The United Nations High Commissioner for Refugees (UNHCR) estimates that in 2016, some 65.6 million people were forcibly displaced worldwide - a number not seen since the end of World War II. On average, 20 people were driven from their homes every minute. The challenges faced by vast numbers of migrants and refugees uprooted by war, persecution, ecological crises, natural disasters, or even relocating in search of economic opportunity, are often urgent, and, unfortunately, all too familiar.
The movement of populations has spurred - and continues to spur - great changes in the cultural landscape in general and design in particular, both positive and problematic. Displacement creates opportunities for cross-cultural dialogues and inspires design solutions, whether they be related to objects used for disaster relief, temporary housing for displaced persons during wartime or following natural disasters, or more substantial and lasting interventions into the landscape, such as the exponential and necessary growth of cities.
This conference will examine displacement and attendant issues from a design perspective. In addition to the current displacement of people and populations, papers can consider the theme more broadly and historically, including connections among displacement of objects and styles, changing technologies, and broad geographies and histories related to landscapes and urban development.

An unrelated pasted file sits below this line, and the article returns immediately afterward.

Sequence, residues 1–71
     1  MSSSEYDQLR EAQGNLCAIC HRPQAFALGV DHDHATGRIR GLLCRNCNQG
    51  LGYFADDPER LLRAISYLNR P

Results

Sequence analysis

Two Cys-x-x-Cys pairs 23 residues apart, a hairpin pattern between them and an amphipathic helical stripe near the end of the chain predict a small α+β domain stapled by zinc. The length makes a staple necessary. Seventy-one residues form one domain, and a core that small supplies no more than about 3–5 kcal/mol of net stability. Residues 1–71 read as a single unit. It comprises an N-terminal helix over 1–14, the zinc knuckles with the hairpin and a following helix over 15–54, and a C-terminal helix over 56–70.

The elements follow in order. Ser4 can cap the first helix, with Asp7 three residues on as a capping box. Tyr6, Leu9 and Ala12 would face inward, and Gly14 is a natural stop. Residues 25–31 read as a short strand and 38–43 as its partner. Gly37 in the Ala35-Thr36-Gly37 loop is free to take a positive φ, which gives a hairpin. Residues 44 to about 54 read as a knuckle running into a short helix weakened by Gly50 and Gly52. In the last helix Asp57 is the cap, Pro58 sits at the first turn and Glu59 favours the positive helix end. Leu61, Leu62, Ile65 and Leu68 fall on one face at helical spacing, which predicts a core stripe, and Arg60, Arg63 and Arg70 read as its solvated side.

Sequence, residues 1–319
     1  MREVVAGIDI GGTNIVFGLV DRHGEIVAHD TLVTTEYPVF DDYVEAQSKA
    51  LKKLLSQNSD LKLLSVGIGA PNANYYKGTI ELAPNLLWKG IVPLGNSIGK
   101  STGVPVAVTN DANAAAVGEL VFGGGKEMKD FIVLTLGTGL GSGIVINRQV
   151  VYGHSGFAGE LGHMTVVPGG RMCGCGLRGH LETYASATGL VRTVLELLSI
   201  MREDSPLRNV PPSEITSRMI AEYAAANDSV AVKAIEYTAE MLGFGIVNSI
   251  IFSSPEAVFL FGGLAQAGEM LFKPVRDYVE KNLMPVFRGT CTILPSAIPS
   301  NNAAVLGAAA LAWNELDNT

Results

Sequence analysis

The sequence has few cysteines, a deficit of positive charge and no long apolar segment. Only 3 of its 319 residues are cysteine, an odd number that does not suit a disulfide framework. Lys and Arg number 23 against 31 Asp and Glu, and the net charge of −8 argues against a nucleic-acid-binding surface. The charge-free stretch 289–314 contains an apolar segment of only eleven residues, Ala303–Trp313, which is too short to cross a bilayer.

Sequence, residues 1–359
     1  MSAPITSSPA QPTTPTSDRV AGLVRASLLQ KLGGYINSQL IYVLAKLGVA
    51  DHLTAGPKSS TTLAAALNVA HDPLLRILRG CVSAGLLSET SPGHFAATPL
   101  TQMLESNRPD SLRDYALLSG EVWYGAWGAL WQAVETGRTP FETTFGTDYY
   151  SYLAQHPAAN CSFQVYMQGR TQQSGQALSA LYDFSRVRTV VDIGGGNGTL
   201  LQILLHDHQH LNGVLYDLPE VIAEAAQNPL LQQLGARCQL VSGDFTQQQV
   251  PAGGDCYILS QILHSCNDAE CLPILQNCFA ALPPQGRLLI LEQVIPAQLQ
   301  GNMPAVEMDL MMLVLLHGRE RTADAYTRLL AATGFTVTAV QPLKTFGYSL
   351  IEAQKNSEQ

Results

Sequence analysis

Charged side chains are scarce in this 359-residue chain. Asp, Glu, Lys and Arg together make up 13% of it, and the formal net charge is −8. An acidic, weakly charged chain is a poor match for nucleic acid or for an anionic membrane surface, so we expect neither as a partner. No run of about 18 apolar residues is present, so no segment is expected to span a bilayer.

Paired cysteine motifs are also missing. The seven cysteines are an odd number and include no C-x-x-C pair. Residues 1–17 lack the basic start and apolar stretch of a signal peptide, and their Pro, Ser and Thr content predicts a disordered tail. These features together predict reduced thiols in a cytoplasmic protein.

Call for Papers
We invite contributions from design historians, scholars, and academics in related fields, as well as practitioners, design educators, museum professionals, and students. Topics might deal with such issues as:
Design and the Displacement of Peoples
- Issues of immigration and emigration
- Camps and disaster relief
- Colonialism, post-colonialism, and the displacement or replacement of cultures
- Exiles and exile culture
- Passports and borders
- Asylum seekers and climate refugees
Displacement of Objects and Styles
- The history of museums and travelling exhibitions
- Collecting and collections, displacing objects from one context to another
- Debates over the repatriation of artifacts
- Expositions and World’s Fairs as institutions of decontextualizing objects and people
- Reuse or misuse
- Recycling or upcycling as a form of displacement
- Transference or forgeries
- Exoticism and appropriation of styles
- Cycles of fashion
The Design of Displacement
- Urban sprawl
- Gentrification and displacement within cities
- Moving or removing monuments
- Landscape design and earthworks
- Technological upgrades
- Changing approaches in design pedagogy and education
- Innovation and disruption
Individual papers of 20 minutes, or proposals for full panels of three papers related to the samples or relevant to the theme of displacement, will be considered. Panel proposals must include abstracts for all three papers, in addition to a short description of the panel theme.
All proposals will be double-blind reviewed and selected by the conference committee. Submissions are due Monday 29 January 2018 and should:
- Be sent in the form of an MS Word document
- Not exceed 300 words
- Include the title of the paper
- Include the author's full name, title, position, and institution
- Include a brief professional biography (not exceeding 50 words)
Submissions should be sent to: email@example.com.
The Design History Society offers bursaries for student speakers whose abstracts have been accepted and who are members of the Design History Society. Click here for details.
Sarah A. Lichtman, Academic Convener
School of Art and Design History and Theory
Parsons School of Design
New York, NY USA